/* SET ARITHABORT ON */ -- NOTE: By enabling this at the instance level all .net clients will automatically start connecting with using SET ARITHABORT ON DECLARE @options TABLE ([name] nvarchar(35), [minimum] int, [maximum] int, [config_value] int, [run_value] int); DECLARE @Value INT; INSERT INTO @options ([name], [minimum], [maximum], [config_value], [run_value]) EXEC sp_configure 'user_options'; SELECT @Value = [config_value] | 64 FROM @options; EXEC sp_configure 'user_options', @Value; RECONFIGURE; SELECT * FROM @options; -- prior state EXEC sp_configure 'user_options'; -- current state GO
The top grid shows the old configured values, and the bottom the new values. So now we can run our PowerShell test again and we should get:
So by changing the setting at the server level, our PowerShell, and .net connections are also now connecting with the recommended value of ARITHABORT ON automatically and without having to edit the applications!
Turning on ARITHABORT
So, how do we turn ARITHABORT back to OFF? If you really need to change it back for whatever reason you can use this script:
/* SET ARITHABORT OFF */ DECLARE @options TABLE ([name] nvarchar(35), [minimum] int, [maximum] int, [config_value] int, [run_value] int); DECLARE @Value INT; INSERT INTO @options ([name], [minimum], [maximum], [config_value], [run_value]) EXEC sp_configure 'user_options'; SELECT @Value = [config_value] & ~64 FROM @options; EXEC sp_configure 'user_options', @Value; RECONFIGURE; SELECT * FROM @options; -- prior state EXEC sp_configure 'user_options'; -- current state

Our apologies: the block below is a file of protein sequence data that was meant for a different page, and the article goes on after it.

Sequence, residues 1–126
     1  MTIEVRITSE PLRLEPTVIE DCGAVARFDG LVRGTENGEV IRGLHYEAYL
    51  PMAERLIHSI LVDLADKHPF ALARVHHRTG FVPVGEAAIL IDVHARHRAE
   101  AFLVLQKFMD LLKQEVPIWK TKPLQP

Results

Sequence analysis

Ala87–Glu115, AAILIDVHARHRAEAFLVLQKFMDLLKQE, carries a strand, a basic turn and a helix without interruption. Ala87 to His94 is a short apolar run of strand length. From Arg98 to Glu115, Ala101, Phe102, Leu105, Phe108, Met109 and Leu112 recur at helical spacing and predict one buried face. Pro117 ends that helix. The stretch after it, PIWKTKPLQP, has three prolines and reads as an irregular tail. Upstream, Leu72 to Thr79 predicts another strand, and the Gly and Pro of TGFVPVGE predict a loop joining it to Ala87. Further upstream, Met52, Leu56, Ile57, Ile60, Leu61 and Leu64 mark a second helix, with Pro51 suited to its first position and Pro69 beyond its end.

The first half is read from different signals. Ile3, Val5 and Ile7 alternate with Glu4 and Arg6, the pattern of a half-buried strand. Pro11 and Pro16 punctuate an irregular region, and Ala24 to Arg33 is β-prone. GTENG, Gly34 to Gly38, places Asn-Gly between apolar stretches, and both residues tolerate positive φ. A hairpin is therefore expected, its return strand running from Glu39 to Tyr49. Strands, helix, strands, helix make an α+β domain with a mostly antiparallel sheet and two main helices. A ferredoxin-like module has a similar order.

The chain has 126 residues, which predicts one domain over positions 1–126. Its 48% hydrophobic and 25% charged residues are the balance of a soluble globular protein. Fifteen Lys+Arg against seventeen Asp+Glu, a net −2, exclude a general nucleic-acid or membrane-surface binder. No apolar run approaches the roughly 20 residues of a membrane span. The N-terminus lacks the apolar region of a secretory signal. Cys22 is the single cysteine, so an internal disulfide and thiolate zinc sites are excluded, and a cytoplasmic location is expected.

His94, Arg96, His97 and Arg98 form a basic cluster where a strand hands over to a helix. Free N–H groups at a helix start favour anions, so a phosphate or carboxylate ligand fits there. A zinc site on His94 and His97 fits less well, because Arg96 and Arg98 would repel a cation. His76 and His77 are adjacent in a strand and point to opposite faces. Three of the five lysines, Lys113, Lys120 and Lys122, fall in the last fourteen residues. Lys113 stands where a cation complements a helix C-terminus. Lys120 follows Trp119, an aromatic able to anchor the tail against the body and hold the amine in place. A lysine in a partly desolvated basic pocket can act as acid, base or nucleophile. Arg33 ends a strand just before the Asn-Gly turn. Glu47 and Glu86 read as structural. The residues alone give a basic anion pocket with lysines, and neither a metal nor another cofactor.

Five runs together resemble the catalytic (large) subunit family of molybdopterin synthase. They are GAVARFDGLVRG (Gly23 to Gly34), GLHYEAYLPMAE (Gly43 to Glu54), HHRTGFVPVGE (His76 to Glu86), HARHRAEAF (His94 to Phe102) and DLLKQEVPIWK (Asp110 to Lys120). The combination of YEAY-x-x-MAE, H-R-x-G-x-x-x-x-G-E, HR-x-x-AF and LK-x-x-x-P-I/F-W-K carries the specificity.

NOTE: This has not been tested with all drivers so it may not affect other types of connections. I have tested .net connections, and PowerShell. I am curious to find out if other types of connections are positively affected.
Reference: Pinal Dave (https://blog.SQLAuthority.com)
I have seen one SP which was written by other developer where he set ARITHABORT to ON in his SP, Just like NOCOUNT ON; like below –
CREATE PROCEDURE [dbo].[TestSP]
SET NOCOUNT ON;
SET ARITHABORT ON; <– What is the benefit to add this line in SP?
— OTHER BUSINESS LOGIC
So what is the benefit of it? Is it kind of best practice or what?